### Background

Motion Blur is a very popular technique in fast pace 3D games whose purpose is to add a blurring effect to moving objects. This enhances the sense of realism experienced by the player. Motion Blur can be accomplished in various ways. There is a camera based Motion Blur which focuses on camera movement and there is an object based Motion Blur. In this tutorial we will study one of the options to accomplish the later.

The principle behind Motion Blur is that we can calculate the vector of movement (a.k.a Motion Vector) for each rendered pixel between two frames. By sampling along that vector from the current color buffer and averaging the result we get pixels that represent the movement of the underlying objects. This is really all there is to it. Let's take it to the next level of details. The following is a summary of the required steps and after that we will review the actual code.

1. The technique is split into two passes - a render pass and then a motion blur pass.
2. In the render pass we render into two buffers - the regular color buffer and a motion vector buffer. The color buffer contains the original image as if it was rendered without motion blur. The motion vector blur contains a vector for each pixel which represents its movement along the screen between the previous frame and the current.
3. The motion vector is calculated by supplying the WVP matrix of the previous frame to the VS. We transform the local space position of each vertex using the current WVP and the previous one to clip space and pass both results to the FS. We get the interpolated clip space positions in the FS and transform them to NDC by dividing them by their respective W coordinate. This completes their projection to the screen so now we can substract the previous position from the current and get a motion vector. The motion vector is written out to a texture.
4. The motion blur pass is implemented by rendering a full screen quad. We sample the motion vector for each pixel in the FS and then we sample from the color buffer along that vector (starting from the current pixel).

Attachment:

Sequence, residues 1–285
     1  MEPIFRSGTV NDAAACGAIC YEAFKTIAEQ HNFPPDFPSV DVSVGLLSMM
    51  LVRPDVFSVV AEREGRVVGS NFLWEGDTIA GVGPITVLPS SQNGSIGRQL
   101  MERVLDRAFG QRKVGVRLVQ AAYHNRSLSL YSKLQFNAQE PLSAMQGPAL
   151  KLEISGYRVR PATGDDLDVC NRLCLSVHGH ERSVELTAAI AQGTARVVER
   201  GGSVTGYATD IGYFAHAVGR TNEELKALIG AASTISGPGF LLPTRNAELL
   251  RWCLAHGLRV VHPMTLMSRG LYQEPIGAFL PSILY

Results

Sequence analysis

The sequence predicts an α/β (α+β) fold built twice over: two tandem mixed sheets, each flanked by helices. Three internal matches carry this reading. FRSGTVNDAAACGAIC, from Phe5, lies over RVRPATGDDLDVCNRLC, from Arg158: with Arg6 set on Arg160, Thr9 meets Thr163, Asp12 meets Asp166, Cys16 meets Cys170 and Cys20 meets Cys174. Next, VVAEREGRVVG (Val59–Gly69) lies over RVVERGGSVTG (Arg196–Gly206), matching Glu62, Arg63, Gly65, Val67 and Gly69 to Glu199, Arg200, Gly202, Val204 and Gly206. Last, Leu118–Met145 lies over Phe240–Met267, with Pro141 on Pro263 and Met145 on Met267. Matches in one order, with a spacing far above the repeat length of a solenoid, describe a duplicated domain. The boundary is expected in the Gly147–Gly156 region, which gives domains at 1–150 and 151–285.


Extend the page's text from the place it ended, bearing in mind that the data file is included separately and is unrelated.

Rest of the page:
5. We sum up the results of each sample operation while giving the highest weight to the current pixel and the lowest weight to the one which is the most distant on the motion vector (this is what we do in this tutorial, but there are many other options here).
6. This averaging of sample results along the motion vector creates the sense of bluriness. Obviously, pixels that didn't move between two frames will look the same, which is fine.

This tutorial is based on the Skeletal Animation tutorial (#38). We will review here the changes that add the motion blur to that tutorial.

### Source walkthru

(tutorial41.cpp:157)

``` virtual void RenderSceneCB() {     CalcFPS();     m_pGameCamera->OnRender();     RenderPass();     MotionBlurPass();     RenderFPS();     glutSwapBuffers(); } ```

This is the main render function and it is very simple. We have a render pass for all the objects in the scene and then a post processing pass for the motion blur.

(tutorial41.cpp:172)

``` void RenderPass() {     m_intermediateBuffer.BindForWriting();     glClear(GL_COLOR_BUFFER_BIT | GL_DEPTH_BUFFER_BIT);     m_pSkinningTech->Enable();     vector Transforms;     float RunningTime = (float)((double)GetCurrentTimeMillis() - (double)m_startTime) / 1000.0f;     m_mesh.BoneTransform(RunningTime, Transforms);     for (uint i = 0 ; i < Transforms.size() ; i++) {         m_pSkinningTech->SetBoneTransform(i, Transforms[i]);         m_pSkinningTech->SetPrevBoneTransform(i, m_prevTransforms[i]);     }     m_pSkinningTech->SetEyeWorldPos(m_pGameCamera->GetPos());     m_pipeline.SetCamera(m_pGameCamera->GetPos(), m_pGameCamera->GetTarget(), m_pGameCamera->GetUp());     m_pipeline.SetPerspectiveProj(m_persProjInfo);     m_pipeline.Scale(0.1f, 0.1f, 0.1f);     Vector3f Pos(m_position);     m_pipeline.WorldPos(Pos);     m_pipeline.Rotate(270.0f, 180.0f, 0.0f);     m_pSkinningTech->SetWVP(m_pipeline.GetWVPTrans());     m_pSkinningTech->SetWorldMatrix(m_pipeline.GetWorldTrans());     m_mesh.Render();     m_prevTransforms = Transforms; } ```

This is our render pass. It is almost identical to the one from the Skeletal Animation tutorial with changes marked in bold face. The intermediate buffer is a simple class that combines the color, depth, and motion vector buffers under a single frame buffer object. We've seen this already when we studied deferred rendering (tutorials 35-37) so I'm not going to review it here. Check the attached sources. The basic idea is to render into a FBO and not directly to the screen. In the motion blur pass we will read from the intermediate buffer.

Other than that you can see that we've added a class member to the 'Tutorial41' class that keeps the vector of bone transformations from the previous frame. We feed it into the skinning technique along with the current bone transformations. We will see how this is used when we review the GLSL code of the technique.

(tutorial41.cpp:209)